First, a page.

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Feeding Calgary’s Kids Part II : Julie van Rosendaal and Calgary’s Kitchen

By October 21, 2020May 10th, 2022No Comments

Feeding Calgary’s Kids Part II : Julie van Rosendaal and Calgary’s Kitchen

Interview with Julie van Rosendaal
There were many people involved in picking up the pieces and filling in the gap to provide lunches to kids no longer in school. Julie Van Rosendaal, a well-known and much-loved cookbook writer and cook was uniquely positioned to step in and help.


This blog is the third in a series documenting the amazing work done by so many over the summer to provide lunches to thousands of kids throughout Calgary. While the snow is flying out there today, we wanted to present these interviews to you so you can learn more about what was happening behind the scenes. We also wanted to capture everyone’s thoughts before everything changed once schools re-opened. Many things were learned over the summer and through the lunch program and we hope these learnings will help future programs. Enjoy watching the interview with Julie or reading the transcript below.

Calgary’s Kitchen with Julie van Rosendaal

While the pandemic did a slow creep into most of our lives, March 16th, 2020 marked a full-stop for schoolchildren in Calgary. As school buildings were closed down, parents grappled with day care and were forced to adjust work schedules. But for families struggling to make ends meet, March 16th added another layer to their worries: with schools now closed, how would their children get any food? With more than 5,000 children in Calgary relying daily on various organizations for what is often their only meal of the day, their access was now entirely cut off.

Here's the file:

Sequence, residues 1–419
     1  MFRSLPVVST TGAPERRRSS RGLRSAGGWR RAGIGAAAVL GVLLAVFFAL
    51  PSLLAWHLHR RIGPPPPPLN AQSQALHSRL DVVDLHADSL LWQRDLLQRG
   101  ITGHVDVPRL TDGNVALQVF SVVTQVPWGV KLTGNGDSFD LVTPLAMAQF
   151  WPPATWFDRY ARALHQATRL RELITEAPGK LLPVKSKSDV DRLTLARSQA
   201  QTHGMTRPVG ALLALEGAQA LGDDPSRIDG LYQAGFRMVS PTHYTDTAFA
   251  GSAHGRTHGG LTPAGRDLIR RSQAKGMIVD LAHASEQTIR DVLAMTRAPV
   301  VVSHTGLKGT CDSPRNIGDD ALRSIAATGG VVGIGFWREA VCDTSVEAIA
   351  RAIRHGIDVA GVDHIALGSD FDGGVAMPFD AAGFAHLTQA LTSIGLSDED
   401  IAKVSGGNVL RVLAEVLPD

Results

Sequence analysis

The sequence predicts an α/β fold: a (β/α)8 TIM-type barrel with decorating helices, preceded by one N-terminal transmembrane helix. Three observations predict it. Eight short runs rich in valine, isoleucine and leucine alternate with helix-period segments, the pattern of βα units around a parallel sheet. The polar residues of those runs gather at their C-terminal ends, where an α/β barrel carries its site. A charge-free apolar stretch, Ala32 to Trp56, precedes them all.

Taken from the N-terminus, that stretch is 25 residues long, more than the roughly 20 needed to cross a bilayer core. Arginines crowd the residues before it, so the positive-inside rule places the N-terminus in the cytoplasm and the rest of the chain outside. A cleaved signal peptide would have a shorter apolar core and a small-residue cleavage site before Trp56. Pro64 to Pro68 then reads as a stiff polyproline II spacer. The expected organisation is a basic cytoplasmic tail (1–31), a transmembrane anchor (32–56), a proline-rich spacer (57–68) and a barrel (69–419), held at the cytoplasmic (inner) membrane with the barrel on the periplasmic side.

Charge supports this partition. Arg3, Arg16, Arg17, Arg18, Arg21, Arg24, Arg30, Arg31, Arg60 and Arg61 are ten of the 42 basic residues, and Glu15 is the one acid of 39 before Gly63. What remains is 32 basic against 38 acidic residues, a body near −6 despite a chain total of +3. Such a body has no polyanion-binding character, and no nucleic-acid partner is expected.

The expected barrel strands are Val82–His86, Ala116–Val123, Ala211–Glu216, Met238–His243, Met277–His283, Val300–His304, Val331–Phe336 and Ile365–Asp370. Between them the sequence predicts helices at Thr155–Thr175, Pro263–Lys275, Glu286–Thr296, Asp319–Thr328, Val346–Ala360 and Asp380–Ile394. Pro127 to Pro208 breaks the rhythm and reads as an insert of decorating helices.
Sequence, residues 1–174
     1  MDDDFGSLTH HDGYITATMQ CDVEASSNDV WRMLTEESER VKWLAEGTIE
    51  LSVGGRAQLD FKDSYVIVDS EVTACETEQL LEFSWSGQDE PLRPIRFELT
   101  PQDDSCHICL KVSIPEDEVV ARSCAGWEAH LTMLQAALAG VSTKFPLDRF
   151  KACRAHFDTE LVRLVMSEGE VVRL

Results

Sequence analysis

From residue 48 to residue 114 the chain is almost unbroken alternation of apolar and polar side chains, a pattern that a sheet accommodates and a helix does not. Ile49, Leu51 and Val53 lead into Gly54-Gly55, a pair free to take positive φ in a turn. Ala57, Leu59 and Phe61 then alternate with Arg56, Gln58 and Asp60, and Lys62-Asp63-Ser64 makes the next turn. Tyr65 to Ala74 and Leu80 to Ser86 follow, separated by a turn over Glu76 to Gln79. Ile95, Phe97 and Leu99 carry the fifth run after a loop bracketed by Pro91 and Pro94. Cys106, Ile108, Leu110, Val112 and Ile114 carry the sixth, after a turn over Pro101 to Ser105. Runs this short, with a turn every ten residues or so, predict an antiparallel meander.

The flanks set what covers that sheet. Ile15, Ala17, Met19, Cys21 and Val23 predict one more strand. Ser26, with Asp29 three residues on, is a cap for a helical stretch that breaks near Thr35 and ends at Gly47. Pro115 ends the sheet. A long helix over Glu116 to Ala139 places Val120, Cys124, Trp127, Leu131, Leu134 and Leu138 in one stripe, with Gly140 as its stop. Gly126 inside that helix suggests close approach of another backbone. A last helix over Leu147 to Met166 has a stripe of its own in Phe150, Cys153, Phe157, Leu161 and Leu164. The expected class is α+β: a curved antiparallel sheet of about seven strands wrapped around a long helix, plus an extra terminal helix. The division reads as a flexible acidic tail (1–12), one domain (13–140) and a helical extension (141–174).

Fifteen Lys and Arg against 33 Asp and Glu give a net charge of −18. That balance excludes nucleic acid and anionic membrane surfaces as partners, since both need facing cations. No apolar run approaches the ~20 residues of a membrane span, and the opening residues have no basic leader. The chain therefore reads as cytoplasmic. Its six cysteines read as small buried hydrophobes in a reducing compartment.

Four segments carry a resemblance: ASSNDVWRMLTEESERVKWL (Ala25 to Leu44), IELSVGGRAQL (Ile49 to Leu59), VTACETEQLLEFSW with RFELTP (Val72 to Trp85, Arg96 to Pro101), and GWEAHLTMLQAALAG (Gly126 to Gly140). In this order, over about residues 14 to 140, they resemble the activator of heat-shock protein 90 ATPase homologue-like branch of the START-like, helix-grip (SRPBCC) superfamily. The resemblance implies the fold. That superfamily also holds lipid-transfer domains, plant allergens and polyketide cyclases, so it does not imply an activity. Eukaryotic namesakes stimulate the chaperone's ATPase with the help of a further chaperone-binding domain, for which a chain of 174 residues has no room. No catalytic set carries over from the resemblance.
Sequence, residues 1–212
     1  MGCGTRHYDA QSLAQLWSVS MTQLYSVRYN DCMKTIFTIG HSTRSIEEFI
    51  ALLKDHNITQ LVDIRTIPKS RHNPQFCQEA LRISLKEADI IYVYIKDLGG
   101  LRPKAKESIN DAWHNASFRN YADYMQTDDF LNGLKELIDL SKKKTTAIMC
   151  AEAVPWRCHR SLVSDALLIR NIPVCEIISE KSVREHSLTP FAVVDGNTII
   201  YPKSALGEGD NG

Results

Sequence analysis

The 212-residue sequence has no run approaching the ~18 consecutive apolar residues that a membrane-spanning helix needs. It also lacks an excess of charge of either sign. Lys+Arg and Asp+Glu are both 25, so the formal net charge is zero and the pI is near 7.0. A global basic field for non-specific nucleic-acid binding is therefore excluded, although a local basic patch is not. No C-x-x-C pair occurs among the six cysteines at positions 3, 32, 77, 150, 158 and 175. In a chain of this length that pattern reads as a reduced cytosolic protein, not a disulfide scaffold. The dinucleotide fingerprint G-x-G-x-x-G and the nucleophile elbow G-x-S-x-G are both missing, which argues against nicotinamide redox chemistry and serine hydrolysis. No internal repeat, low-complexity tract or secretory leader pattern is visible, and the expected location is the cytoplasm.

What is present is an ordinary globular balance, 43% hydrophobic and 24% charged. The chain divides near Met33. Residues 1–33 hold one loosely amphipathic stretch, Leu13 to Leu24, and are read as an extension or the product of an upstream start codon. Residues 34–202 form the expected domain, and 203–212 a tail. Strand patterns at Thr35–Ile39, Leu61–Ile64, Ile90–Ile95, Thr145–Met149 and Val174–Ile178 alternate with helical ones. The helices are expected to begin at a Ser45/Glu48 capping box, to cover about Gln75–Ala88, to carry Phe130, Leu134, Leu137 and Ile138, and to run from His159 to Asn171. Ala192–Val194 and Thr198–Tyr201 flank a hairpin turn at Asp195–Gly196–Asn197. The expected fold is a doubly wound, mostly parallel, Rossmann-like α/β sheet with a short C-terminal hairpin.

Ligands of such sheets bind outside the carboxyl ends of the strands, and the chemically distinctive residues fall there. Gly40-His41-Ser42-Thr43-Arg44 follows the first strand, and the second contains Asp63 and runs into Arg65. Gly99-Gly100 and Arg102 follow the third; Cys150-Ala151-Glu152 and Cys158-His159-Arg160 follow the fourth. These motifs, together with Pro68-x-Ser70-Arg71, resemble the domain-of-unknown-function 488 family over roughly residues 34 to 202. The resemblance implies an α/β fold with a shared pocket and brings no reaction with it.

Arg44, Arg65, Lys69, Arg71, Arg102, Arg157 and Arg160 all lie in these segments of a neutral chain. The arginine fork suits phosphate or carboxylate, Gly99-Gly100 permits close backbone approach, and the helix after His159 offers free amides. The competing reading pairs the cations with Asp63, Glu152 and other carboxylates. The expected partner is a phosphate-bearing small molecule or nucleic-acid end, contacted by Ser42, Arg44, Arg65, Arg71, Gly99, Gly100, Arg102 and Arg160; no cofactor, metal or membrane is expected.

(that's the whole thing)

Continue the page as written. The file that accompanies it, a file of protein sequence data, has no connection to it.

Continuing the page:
There were many people involved in picking up the pieces and filling in the gap. Julie Van Rosendaal, a well-known and much-loved cookbook writer and cook was uniquely positioned to step in and help. With her vast network of restaurant owners and chefs and her connections to the city’s non-profits and media, Julie was uniquely positioned to bring everyone together in a collaboration that would help the kids, the restaurant owners and the catering companies who had lost all their business due to COVID-19. The Devour team interviewed Julie to find out how things happened and what needs to happen next.

How Did Calgary’s Kitchen Start?

I knew that a lot of kids across Calgary rely on school for their main meal of the day, whether it’s the breakfast programs or lunch programs. There’s a huge need in Calgary.  So when schools closed, my first concern was that there were going to be thousands of kids who were separated not only from school but from rec centers and youth clubs and churches and libraries – all those safe spaces that kids previously had access to were suddenly closed.

A couple teachers that I know through my sister (a school principal) who work at Bowcroft school in Bowness, the day after schools closed, started distributing food, whatever food they had left in the school to kids and families in their community that they knew would need it. They had this little pop-up every day at noon.

At the same time, all the restaurants were closing. Places like the SAIT culinary arts school were closing, all these facilities were closing that had tons of food.

Having a lot of connections in the food and hospitality industry, I had chefs connecting with me and I started being contacted about surplus food. A lot of the agencies were getting bombarded with food and I was hearing that a lot of them were running out of fridge space for some of it. There was this instant concern to redirect food, but also to safely get food to the kids who need it.